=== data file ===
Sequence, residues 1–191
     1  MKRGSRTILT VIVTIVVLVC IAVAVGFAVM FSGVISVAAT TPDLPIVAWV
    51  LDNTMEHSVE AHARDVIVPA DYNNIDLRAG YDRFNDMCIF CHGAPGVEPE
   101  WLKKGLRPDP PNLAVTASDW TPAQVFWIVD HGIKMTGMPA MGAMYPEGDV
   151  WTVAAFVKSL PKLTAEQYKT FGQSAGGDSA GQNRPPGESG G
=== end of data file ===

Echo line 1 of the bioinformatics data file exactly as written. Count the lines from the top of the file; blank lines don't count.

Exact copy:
Sequence, residues 1–191